4 What do you write? Anything you are thinking and feeling at a particular time, related to your studies: • • • • • • • • • Your feelings about the course, tutors, progress Challenges and difficulties The way you tackle things – your strategies Things you find out about yourself Thoughts about how you learn best Ideas arising from your studies How different areas of your studies link up How your studies relate to real life Questions, observations, things that stick in your head

Benefits: Explore ideas Writing just for yourself means you can write freely – thoughts and feelings are expressed in a relaxed, informal way. You can make jumps in your thinking and explore connections between thoughts. This makes your journalwriting a creative process that encourages you to develop new ideas. Develop your writing style Writing regularly in a journal helps you develop and experiment with your own writing style. Putting ideas into words is a crucial academic writing skill. It takes practice to develop a style you feel comfortable with, and a journal is a good place to take some risks and try out different ‘voices’. You don’t have to write a lot at once, but it does help to write little and often, preferably every day. Build confidence It helps your confidence to look back over a journal and see progress, how you have dealt with difficulties, and how your ideas have moved on. Record It is very useful to have a note of issues, queries and concerns you might want to raise with a tutor or other students. A journal is an important record for checking back, and can help you plan next steps.

5 It can help to use and adapt a framework for ideas to develop your informal reflections. Sample framework for reflective questioning 1a Generally, how well am I doing in this unit? 1b On what am I basing this evaluation? My marks? Tutor feedback? Other ways?

2a In this unit, I’m best at:

2b How do I know what I am best at?

What makes me better at these aspects?

3a To do better in this unit , I need to improve:

3b How will I bring about an improvement? What are the first steps?

What stops me doing as well as I could?

Timescale for improvement:

4a What have I learnt, or improved, already since starting this unit?

4b How do I know this? How do I measure what I’ve learnt? How long it takes? My level of confidence? My understanding? My level of enjoyment?

6 Reflective writing for assessment In many subjects, the health professions in particular, you will be required to produce reflective assignments. You may reflect on a single incident or interaction such as an interview. You may be reflecting on a lengthy process, such as a group project. The subject of reflection will affect the way you structure your final assignment, but the basic stages of the reflective process will be the same:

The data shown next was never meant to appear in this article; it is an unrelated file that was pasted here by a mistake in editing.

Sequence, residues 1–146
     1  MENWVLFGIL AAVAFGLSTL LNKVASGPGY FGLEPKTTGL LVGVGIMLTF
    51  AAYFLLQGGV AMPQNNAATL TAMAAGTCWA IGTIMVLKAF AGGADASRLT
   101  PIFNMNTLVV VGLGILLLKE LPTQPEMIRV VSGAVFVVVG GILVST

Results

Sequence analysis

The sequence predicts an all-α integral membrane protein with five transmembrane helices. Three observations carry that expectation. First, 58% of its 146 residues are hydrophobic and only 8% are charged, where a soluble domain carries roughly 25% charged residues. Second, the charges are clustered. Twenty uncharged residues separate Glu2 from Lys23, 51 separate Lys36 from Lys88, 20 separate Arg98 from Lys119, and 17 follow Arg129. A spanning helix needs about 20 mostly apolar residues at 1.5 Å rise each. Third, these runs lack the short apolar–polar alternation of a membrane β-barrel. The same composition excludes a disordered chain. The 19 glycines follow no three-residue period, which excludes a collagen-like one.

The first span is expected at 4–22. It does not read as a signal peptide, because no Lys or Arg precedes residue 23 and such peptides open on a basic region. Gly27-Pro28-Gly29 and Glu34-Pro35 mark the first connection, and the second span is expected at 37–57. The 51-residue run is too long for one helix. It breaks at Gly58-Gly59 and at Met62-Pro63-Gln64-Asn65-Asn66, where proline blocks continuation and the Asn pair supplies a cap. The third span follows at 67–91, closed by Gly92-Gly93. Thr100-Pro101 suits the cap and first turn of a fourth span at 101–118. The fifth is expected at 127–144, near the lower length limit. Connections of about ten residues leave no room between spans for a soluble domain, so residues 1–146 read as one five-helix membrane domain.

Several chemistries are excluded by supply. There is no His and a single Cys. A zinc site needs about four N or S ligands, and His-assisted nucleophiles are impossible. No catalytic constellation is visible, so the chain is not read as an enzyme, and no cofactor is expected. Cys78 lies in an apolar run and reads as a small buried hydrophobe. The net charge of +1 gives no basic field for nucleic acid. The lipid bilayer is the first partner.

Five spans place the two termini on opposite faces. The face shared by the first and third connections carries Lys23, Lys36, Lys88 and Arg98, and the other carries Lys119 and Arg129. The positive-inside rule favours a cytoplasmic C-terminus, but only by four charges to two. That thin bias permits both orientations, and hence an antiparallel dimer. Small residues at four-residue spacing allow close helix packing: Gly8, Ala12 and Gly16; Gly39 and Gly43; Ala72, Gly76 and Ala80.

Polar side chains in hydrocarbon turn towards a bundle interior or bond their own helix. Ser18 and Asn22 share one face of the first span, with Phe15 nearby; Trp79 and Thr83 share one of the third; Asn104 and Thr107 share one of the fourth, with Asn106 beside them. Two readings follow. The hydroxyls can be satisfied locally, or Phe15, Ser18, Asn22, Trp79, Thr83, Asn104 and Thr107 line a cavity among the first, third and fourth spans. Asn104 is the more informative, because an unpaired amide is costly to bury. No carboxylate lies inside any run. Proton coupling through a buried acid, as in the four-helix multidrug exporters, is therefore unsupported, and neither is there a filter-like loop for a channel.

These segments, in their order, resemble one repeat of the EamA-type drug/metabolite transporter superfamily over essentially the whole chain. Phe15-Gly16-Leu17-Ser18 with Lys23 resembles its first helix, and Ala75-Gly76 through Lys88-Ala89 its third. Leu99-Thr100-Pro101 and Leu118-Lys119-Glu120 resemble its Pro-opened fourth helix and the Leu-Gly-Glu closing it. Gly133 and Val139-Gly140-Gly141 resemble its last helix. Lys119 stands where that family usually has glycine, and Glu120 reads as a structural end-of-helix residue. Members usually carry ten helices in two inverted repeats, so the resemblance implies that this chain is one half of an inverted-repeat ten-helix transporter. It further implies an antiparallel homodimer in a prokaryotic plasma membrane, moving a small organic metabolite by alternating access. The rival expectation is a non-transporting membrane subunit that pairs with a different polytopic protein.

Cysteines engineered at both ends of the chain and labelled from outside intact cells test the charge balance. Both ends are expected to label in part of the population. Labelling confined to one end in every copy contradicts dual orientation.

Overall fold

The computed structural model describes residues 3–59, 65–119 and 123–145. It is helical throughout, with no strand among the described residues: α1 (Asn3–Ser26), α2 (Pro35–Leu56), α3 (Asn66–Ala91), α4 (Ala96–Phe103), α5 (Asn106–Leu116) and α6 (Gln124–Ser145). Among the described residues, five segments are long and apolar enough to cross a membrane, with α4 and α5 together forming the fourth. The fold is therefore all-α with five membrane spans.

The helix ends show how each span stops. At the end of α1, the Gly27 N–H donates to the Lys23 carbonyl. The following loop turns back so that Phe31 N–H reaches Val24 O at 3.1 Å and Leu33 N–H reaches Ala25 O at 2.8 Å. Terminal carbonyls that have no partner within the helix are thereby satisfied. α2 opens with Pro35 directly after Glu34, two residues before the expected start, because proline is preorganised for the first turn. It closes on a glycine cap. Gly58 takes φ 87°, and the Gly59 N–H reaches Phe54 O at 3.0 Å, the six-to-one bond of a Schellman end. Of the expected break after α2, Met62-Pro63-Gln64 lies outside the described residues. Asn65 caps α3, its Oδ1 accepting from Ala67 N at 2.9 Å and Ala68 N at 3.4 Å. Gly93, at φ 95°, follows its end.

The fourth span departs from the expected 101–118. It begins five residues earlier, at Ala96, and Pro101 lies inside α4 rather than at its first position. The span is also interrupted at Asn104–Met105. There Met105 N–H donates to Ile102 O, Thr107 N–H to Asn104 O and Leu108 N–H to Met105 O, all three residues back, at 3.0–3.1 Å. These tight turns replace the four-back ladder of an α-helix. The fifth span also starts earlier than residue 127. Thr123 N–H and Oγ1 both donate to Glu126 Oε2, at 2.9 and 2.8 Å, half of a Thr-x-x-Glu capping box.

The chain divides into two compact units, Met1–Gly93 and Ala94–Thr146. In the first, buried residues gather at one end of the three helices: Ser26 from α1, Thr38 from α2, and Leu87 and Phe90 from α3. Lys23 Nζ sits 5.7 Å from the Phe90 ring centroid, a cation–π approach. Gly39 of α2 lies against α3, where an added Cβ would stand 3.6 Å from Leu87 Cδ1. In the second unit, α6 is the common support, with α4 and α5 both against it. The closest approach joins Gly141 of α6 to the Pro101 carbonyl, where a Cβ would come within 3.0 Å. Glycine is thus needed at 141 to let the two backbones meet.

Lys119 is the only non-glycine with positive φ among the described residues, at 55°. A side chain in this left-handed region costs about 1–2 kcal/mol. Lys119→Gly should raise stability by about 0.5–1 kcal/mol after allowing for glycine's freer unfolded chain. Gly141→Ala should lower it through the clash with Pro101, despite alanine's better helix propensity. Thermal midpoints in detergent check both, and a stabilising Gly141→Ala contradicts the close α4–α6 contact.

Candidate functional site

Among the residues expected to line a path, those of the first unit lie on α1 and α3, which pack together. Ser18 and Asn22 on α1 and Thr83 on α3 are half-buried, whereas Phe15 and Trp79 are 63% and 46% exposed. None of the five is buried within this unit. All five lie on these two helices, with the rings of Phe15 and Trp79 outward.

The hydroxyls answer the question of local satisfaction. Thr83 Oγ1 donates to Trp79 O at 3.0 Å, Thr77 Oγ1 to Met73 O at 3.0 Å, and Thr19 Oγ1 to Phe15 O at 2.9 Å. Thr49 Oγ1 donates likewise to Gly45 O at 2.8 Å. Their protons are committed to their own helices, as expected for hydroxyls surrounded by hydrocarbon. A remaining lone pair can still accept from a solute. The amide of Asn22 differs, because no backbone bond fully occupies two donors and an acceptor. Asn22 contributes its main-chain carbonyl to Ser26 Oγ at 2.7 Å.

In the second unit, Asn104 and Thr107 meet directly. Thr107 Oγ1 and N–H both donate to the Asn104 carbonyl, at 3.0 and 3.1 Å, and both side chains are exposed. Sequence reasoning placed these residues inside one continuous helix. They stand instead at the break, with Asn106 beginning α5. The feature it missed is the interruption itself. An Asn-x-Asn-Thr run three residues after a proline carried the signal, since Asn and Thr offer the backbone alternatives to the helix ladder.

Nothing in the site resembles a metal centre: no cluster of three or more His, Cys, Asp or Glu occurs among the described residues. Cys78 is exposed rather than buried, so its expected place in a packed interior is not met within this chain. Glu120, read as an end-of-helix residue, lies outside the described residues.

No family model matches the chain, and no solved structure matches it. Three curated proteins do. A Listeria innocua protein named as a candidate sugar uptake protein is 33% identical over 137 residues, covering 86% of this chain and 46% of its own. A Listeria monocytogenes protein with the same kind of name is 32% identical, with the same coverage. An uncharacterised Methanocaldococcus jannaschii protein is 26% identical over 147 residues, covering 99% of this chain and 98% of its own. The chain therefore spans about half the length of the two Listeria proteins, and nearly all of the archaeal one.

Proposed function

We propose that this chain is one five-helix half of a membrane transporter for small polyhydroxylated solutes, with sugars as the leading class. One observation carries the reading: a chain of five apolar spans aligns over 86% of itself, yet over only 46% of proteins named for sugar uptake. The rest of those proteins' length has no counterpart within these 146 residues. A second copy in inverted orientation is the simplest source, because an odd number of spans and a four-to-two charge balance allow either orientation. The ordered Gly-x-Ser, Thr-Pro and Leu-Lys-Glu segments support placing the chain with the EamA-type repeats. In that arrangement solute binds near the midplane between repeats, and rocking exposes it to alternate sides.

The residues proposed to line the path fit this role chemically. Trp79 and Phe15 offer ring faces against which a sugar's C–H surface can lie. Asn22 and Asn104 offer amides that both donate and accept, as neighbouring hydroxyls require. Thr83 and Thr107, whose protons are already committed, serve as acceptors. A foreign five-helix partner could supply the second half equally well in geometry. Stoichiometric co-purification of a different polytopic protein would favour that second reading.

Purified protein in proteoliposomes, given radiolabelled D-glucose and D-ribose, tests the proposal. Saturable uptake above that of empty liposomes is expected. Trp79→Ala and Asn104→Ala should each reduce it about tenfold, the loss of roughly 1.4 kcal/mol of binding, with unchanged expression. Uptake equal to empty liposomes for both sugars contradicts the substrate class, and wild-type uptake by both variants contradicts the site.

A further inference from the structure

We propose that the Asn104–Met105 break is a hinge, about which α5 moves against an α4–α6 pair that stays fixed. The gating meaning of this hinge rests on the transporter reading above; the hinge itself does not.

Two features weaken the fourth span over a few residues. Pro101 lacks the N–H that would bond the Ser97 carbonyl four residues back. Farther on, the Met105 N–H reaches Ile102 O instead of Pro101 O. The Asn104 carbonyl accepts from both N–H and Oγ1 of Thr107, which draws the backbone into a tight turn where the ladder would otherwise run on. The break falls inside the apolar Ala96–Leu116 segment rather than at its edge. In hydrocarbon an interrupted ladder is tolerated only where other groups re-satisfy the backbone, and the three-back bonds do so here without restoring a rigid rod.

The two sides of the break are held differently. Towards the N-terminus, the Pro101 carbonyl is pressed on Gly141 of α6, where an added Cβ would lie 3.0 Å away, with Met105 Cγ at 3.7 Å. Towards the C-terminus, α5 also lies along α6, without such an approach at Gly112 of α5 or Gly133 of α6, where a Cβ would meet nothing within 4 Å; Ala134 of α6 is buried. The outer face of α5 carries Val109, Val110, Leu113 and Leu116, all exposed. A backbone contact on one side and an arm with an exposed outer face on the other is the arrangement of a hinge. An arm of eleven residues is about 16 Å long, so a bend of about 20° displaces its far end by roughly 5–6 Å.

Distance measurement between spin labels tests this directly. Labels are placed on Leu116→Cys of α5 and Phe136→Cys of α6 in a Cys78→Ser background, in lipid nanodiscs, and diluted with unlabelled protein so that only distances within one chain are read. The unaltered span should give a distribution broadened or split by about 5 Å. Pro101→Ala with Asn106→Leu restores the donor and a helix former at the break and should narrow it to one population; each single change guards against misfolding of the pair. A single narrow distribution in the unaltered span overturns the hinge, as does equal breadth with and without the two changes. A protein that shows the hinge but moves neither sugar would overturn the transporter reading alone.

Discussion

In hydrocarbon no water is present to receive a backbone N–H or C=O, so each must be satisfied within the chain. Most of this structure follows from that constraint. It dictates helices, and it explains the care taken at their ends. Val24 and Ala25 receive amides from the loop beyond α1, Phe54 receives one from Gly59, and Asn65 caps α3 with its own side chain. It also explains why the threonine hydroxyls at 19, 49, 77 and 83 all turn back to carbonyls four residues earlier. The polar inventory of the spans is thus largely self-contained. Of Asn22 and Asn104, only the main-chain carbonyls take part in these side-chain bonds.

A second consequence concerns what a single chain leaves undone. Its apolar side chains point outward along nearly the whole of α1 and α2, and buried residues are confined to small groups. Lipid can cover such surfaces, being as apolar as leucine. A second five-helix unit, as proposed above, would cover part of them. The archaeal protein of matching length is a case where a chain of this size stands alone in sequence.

• • • •

Description – what happened? Feelings and Analysis – how did it go? Why? How did you feel about it? What was behind your feelings and actions? Theory – What was really going on? What needs to be looked at again, done differently next time? Action – What should be done next time? How?

In more formal reflective writing, where your work is being assessed, it is important to use a framework. There are several formal models of reflection which can be used. A model commonly used in the health professions is Gibbs’ model of reflection (1988). An outline of this model is given here, with a breakdown of the types of questioning involved at each stage, to give an idea of the depth that effective reflection requires. Note: Before using any model of reflection in an assignment, check with your subject tutors for any preference.

Gibbs' model of reflection (1988)

7 Questions to consider at each stage of Gibbs’ cycle. Description • What happened? Give a concise, factual account • Provide relevant details, aims of exercise and what actually happened. • Aim to put the reader in the picture. Feelings Identify and examine reactions, feelings and thoughts at the time. It is important, although often difficult, to be honest about these. • How can you explain your feelings? What was affecting them? Did they change? Why? • How did they affect your actions and thoughts at the time? • Looking back, have your views on this changed? Evaluation Look at the judgements you made at the time about how things were going. • What was positive? Negative? What made you think this? • Try to stand back from the experience to gain a sense of how it went. • What made you think something was good or bad? • Examine your own judgements and what contributed to them. How do you feel about them now? Analysis In this section of the reflection, you need to examine the experience in depth, and start to theorise about key aspects. Try to identify an overarching issue, or key aspect of the experience that affected it profoundly, which needs to be examined for the future. For example, an aspect of communication or time management might have played a central part in the outcome. • How was it flawed this time? In what way? Why? How should it work in this situation? • What ideas or theories are you aware of which look at this? Does theory about this aspect help you make more sense of what happened? • Could you use theory to improve this aspect in the future? In this section, you need to fully examine and make sense of factors affecting the situation, and exploring ways to change and develop these. Conclusion Sum up the key things learned through the reflective process, the main factors affecting the situation, and what to improve. This section might include naming specific skills that need developing, or aspects of organisation to improve. You might identify new knowledge or training which is needed. Action plan This should be a practical section • What could you do differently next time and how could you prepare for this? • What areas need developing or planning ? What resources do you need, and where would they be found? • What steps will be taken first?